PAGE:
With summer underway, New Englanders are enjoying — or tolerating — hot temperatures and all they entail. One of the unfortunate risks to our health from high temperatures is hyperthermia, also known as heat stroke, when body temperatures reach at least 104°F.
The two types of heat stroke are non-exertional and exertional. Non-exertional heat stroke usually occurs in elders with an underlying medical condition, such as cardiovascular disease, obesity or physical disability. Certain types of medications or recreational drugs also pose a risk.
Exertional heat stroke may occur in young, otherwise healthy individuals who engage in heavy exercise during hot weather. Examples include athletes, construction workers and firefighters. This type of heat stroke is more common in males, as well as those who have poor physical fitness, raised in temperate climates (such as New England) or who are acutely ill.
Symptoms of heat stroke
In early stages, those who experience heat stroke may complain of muscle cramps, weakness, lethargy, nausea, or dizziness. Others may notice flushing, rapid breathing, confusion, agitation or trouble walking. If untreated, heat stroke can lead to passing out, seizures and coma.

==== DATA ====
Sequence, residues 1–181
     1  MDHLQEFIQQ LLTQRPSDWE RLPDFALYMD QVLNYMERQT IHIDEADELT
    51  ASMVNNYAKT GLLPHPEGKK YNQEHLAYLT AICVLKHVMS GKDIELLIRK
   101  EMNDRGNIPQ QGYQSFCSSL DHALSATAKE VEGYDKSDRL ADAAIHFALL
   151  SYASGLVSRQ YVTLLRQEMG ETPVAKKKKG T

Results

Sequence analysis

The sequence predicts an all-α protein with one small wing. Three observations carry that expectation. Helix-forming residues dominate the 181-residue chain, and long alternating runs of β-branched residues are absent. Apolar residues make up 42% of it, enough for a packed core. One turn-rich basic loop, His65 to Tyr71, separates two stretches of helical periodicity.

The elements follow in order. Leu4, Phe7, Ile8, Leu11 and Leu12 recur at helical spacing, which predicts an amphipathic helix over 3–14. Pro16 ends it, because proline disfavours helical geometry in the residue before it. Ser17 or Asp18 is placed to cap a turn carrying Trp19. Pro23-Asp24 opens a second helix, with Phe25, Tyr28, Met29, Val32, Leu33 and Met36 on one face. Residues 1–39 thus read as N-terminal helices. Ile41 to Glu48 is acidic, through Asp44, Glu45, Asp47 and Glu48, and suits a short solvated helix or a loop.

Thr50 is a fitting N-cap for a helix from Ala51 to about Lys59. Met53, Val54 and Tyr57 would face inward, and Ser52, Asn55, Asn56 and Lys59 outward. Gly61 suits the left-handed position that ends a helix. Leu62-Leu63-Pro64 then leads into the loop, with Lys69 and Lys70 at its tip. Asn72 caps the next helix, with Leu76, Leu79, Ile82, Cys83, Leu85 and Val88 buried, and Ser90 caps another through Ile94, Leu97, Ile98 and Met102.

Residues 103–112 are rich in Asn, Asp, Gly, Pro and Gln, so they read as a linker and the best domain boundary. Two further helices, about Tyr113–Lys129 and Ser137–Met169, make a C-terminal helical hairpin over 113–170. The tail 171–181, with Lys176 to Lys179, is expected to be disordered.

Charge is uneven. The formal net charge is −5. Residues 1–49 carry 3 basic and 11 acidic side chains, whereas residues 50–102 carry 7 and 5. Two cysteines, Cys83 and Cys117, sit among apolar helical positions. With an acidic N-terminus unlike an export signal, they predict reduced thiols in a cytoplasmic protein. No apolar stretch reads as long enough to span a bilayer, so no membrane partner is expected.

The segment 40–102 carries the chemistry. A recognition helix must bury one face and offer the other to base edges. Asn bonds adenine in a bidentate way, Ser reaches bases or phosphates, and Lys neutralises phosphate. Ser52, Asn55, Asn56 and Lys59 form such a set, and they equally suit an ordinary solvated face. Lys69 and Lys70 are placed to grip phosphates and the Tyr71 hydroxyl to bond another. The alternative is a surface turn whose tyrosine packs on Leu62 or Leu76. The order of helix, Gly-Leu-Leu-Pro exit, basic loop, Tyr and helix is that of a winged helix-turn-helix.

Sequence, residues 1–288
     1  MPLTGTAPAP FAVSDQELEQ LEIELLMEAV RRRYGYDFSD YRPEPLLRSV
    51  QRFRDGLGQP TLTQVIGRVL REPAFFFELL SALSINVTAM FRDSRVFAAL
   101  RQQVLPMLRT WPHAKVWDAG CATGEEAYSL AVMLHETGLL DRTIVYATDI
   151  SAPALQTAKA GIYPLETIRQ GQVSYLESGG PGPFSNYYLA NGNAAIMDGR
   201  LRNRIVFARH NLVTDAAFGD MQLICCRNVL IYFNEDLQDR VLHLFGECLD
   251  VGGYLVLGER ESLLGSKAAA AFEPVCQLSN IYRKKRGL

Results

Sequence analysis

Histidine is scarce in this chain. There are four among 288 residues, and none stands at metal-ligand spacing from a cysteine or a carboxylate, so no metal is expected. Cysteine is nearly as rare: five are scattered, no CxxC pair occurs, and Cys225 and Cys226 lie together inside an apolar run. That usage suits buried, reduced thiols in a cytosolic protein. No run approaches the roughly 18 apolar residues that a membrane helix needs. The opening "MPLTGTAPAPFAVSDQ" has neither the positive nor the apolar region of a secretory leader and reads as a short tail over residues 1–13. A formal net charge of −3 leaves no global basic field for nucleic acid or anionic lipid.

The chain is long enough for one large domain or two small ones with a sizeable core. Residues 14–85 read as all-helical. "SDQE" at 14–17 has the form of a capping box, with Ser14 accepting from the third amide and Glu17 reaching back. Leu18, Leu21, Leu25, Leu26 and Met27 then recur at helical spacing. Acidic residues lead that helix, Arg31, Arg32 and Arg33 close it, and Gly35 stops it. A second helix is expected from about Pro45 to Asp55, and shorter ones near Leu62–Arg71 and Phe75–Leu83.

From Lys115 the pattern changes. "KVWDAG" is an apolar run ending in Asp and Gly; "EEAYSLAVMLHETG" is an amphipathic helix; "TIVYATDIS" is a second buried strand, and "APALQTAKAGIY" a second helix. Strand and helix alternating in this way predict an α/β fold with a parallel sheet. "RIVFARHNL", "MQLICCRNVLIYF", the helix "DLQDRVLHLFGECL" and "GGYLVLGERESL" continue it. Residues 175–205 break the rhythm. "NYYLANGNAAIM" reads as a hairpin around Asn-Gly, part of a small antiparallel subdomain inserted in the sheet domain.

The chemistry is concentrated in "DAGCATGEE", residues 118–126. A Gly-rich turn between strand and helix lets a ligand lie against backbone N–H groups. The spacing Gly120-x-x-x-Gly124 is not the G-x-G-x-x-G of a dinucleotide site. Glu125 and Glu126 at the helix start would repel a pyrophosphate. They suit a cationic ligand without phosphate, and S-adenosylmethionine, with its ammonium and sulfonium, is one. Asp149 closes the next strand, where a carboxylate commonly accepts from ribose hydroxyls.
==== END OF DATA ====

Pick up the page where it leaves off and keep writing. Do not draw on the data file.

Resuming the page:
How to avoid heat stroke
Due to their decreased ability to adapt to sudden changes in temperature, elders need to be particularly concerned about non-exertional heat stroke in the summer. Tips to prevent heat stroke include:
- Stay in air-conditioned buildings as much as possible and do not rely on a fan as your main cooling source during extreme high temperatures.
- Drink more water and do not wait until you are thirsty to drink.
- Avoid using a stove or oven on very hot days.
- Wear lightweight clothing.
- Take cool showers or baths to cool down.
- Check on friends and neighbors and ask someone to check on you.
In order to prevent exertional heat stroke, gradually acclimate yourself to exercise in hot weather over a period of 10-14 days, remembering proper hydration. Exercise should be of moderate intensity, avoiding highest exertion during the hottest parts of the day.
If you or someone else are experiencing symptoms of heat stroke, cool down by removing excess layers, spraying skin with lukewarm water, and applying ice packs to underarms, groin and back of neck, cheeks, palms and soles of feet. Though dehydration does not always occur with heat stroke, it is advisable to increase water intake. Though the temperature is elevated in heat stroke, medications such as acetaminophen (Tylenol) or ibuprofen (Advil, Motrin) do not help to bring down body temperature in these cases.
Heidi Doreau is a nurse practioner with Emerson Primary Care Associates of Bedford. For more information, or to make an appointment with a clinician at Emerson Primary Care Associates of Bedford, please call 339-215-5100 or visit emersonpcpofbedford.com.